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ABSTRACT: Neocortical network activity is generated through a dynamic balance between excitation, provided by pyramidal neurons, and inhibition, provided by interneurons. Imbalance of the excitation/inhibition ratio has been identified in several neuropsychiatric diseases, such as schizophrenia, autism and epilepsy, which also present with other cognitive deficits and symptoms associated with prefrontal cortical (PFC) dysfunction. We undertook a computational approach to study how changes in the excitation/inhibition balance in a PFC microcircuit model affect the properties of persistent activity, considered the cellular correlate of working memory function in PFC. To this end, we constructed a PFC microcircuit, consisting of pyramidal neuron models and all three different interneuron types: fast-spiking (FS), regular-spiking (RS), and irregular-spiking (IS) interneurons. Persistent activity was induced in the microcircuit model with a stimulus to the proximal apical dendrites of the pyramidal neuron models, and its properties were analyzed, such as the induction profile, the interspike intervals (ISIs) and neuronal synchronicity. Our simulations showed that (a) the induction but not the firing frequency or neuronal synchronicity is modulated by changes in the NMDA-to-AMPA ratio on FS interneuron model, (b) removing or decreasing the FS model input to the pyramidal neuron models greatly limited the biophysical modulation of persistent activity induction, decreased the ISIs and neuronal synchronicity during persistent activity, (c) the induction and firing properties could not be altered by the addition of other inhibitory inputs to the soma (from RS or IS models), and (d) the synchronicity change could be reversed by the addition of other inhibitory inputs to the soma, but beyond the levels of the control network. Thus, generic somatic inhibition acts as a pacemaker of persistent activity and FS specific inhibition modulates the output of the pacemaker.
Available from: Stephanie R Jones
- "Spike times were recorded for all cell types, as well as somatic current contributions from GABA A -mediated synapses onto pyramidal cell somata using NEURON's built-in routines. Spectrograms were calculated using a Morlet wavelet method as previously described in Jones et al. (2009); Vierling-Claassen et al. (2010) over a frequency range of 1–150 Hz. Units of Morlet power (P M ) are (nAm) 2 . "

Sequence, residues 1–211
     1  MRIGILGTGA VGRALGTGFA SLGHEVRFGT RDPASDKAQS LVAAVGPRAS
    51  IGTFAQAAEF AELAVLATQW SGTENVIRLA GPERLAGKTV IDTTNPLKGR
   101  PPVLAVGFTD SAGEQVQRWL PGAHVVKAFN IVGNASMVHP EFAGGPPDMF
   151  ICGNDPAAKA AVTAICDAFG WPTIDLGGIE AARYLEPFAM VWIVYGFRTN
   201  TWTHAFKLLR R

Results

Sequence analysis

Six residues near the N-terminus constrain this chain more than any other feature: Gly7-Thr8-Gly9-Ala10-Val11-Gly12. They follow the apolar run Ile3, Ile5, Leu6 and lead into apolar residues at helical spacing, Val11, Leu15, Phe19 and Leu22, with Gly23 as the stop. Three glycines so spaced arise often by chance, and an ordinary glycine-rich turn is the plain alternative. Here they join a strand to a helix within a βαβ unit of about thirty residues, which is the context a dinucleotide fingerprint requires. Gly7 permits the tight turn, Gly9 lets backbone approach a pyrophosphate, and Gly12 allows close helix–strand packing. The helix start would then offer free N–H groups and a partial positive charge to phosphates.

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ABSTRACT: Gamma frequency rhythms have been implicated in numerous studies for their role in healthy and abnormal brain function. The frequency band has been described to encompass as broad a range as 30-150 Hz. Crucial to understanding the role of gamma in brain function is an identification of the underlying neural mechanisms, which is particularly difficult in the absence of invasive recordings in macroscopic human signals such as those from magnetoencephalography (MEG) and electroencephalography (EEG). Here, we studied features of current dipole (CD) signals from two distinct mechanisms of gamma generation, using a computational model of a laminar cortical circuit designed specifically to simulate CDs in a biophysically principled manner (Jones et al., 2007, 2009). We simulated spiking pyramidal interneuronal gamma (PING) whose period is regulated by the decay time constant of GABAA-mediated synaptic inhibition and also subthreshold gamma driven by gamma-periodic exogenous excitatory synaptic drive. Our model predicts distinguishable CD features created by spiking PING compared to subthreshold driven gamma that can help to disambiguate mechanisms of gamma oscillations in human signals. We found that gamma rhythms in neocortical layer 5 can obscure a simultaneous, independent gamma in layer 2/3. Further, we arrived at a novel interpretation of the origin of high gamma frequency rhythms (100-150 Hz), showing that they emerged from a specific temporal feature of CDs associated with single cycles of PING activity and did not reflect a separate rhythmic process. Last we show that the emergence of observable subthreshold gamma required highly coherent exogenous drive. Our results are the first to demonstrate features of gamma oscillations in human current source signals that distinguish cellular and circuit level mechanisms of these rhythms and may help to guide understanding of their functional role.